UPDATE: Greece's governing conservatives have conceded defeat to the radical left.
BREAKING: Official in Greece's governing conservatives concedes defeat to the radical left Syriza party: http://t.co/uTqlBNFRGQ— The Associated Press (@AP) January 25, 2015
ATHENS, Greece (AP) — A Greek state TV exit poll was projecting that anti-bailout party Syriza had won Sunday's parliamentary elections — in a historic first for a radical left-wing party in Greece.
Alexis Tsipras, leader of Greece's Syriza left-wing main opposition party arrives for a lunch with journalists in central Athens, Saturday, Jan. 24, 2015. The radical left opposition Syriza party, which has vowed to rewrite the terms of Greece's international bailout, is expected to defeat Prime Minister Antonis Samaras' conservatives as Greece goes to the polls Sunday, Jan. 25, 2015 in a snap general election. Although expected to win, it is unclear whether Syriza will get enough parliamentary seats to form a government alone, or will have to seek a coalition deal with other parties. (AP Photo/Lefteris Pitarakis)
But it was unclear whether Syriza had won a decisive enough victory over Prime Minister Antonis Samaras' incumbent conservatives to govern alone. For that, they need a minimum 151 of parliament's 300 seats.
The exit poll on Nerit TV projected Syriza as having won with between 35.5 and 39.5 percent — or 146-158 seats, compared to Samaras' New Democracy with 23-27 percent — or 65-75 seats.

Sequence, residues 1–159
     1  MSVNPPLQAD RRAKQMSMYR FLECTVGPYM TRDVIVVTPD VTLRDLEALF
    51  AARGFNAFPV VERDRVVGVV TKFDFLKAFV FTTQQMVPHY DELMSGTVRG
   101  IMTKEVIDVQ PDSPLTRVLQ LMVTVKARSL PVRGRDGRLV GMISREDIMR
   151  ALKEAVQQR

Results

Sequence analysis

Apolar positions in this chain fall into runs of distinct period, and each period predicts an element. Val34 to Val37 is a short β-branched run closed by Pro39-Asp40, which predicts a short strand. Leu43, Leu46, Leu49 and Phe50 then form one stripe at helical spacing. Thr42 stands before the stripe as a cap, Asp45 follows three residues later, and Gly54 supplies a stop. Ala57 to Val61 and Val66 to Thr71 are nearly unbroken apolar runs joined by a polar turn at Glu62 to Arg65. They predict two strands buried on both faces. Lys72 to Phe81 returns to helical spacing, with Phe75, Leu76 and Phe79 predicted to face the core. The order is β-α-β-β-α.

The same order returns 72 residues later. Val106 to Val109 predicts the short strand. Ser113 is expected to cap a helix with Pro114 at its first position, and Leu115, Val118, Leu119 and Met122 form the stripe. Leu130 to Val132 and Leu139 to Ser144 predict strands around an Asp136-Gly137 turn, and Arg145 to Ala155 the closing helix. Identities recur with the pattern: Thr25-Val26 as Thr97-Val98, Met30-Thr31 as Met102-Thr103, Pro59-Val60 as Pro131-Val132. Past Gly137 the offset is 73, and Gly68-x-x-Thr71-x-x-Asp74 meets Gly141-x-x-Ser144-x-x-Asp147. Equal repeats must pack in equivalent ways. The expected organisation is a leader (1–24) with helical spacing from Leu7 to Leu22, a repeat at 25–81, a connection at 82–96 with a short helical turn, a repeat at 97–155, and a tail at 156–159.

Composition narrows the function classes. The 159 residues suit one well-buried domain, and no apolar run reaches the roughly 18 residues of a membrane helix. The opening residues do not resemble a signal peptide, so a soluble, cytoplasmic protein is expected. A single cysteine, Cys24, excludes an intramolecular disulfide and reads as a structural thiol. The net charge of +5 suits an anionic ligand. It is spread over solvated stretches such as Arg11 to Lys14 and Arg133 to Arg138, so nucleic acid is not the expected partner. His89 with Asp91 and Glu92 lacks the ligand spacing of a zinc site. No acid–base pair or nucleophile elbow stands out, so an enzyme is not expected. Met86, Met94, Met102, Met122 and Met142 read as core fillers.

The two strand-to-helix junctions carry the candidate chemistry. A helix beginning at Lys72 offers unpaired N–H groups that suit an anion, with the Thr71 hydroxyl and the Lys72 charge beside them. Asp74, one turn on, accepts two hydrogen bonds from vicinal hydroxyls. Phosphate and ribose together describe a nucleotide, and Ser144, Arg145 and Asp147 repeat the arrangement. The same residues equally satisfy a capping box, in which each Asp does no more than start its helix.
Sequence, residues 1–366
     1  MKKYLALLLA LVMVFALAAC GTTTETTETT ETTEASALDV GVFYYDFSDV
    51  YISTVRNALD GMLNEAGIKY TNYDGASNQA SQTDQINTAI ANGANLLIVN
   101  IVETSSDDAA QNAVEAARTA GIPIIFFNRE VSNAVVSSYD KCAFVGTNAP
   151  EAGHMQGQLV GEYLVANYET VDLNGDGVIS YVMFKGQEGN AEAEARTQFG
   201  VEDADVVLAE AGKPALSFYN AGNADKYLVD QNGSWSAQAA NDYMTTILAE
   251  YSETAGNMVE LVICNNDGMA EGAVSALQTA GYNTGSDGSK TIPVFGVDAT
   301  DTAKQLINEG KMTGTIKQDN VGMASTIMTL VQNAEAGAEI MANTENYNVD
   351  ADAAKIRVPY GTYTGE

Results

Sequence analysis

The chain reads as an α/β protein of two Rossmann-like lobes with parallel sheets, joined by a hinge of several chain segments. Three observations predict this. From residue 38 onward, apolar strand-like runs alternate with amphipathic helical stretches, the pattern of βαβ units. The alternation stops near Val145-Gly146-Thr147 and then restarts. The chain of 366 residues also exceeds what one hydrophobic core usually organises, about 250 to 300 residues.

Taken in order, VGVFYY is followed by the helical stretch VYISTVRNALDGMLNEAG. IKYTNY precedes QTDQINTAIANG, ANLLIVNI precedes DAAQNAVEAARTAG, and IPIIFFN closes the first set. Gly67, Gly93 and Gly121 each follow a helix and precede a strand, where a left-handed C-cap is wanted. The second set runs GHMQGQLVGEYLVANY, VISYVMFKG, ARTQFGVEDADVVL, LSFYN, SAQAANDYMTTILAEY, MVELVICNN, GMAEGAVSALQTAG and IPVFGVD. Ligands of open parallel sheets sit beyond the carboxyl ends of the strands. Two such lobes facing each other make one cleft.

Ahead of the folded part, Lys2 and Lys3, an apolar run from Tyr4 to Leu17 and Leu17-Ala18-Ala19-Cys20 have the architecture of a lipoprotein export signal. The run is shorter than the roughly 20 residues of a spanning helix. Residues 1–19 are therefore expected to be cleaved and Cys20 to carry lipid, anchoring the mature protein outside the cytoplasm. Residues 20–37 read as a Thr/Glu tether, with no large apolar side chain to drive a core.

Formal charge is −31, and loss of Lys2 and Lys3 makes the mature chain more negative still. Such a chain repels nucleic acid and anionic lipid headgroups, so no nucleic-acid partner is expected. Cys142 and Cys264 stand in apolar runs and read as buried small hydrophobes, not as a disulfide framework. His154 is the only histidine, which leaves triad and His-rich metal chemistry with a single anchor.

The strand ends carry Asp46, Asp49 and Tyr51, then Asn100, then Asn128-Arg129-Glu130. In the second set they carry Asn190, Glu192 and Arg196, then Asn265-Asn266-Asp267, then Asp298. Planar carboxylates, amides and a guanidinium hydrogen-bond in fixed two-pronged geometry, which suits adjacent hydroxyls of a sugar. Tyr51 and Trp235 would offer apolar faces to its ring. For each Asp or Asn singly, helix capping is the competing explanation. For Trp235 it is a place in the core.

The centrist Potami (River) party was battling for third place with the Nazi-inspired, extreme right-wing Golden Dawn, whose leadership is in prison pending trial for running a criminal organization. Both were projected as being between 6.4 and 8 percent.
Syriza leader Alexis Tsipras has promised to renegotiate the country's 240 billion-euro ($270 billion) international bailout deal. He has pledged to reverse many of the reforms that creditors demanded in exchange for keeping Greece financially afloat since 2010.
The anti-bailout rhetoric has renewed doubts over Greece's ability to emerge from its financial crisis that has seen a quarter of its economy wiped out, sent unemployment soaring and undermined the euro, the currency shared by 19 European countries.
Greece's creditors insist the country must abide by previous commitments to continue receiving support, and investors and markets alike have been spooked by the anti-bailout rhetoric. Greece could face bankruptcy if a solution is not found, although speculation of a "Grexit" — Greece leaving the euro — and a potential collapse of the currency has been far less fraught than during the last general election in 2012.
Associated Press reporter Demetris Nellas contributed to this report.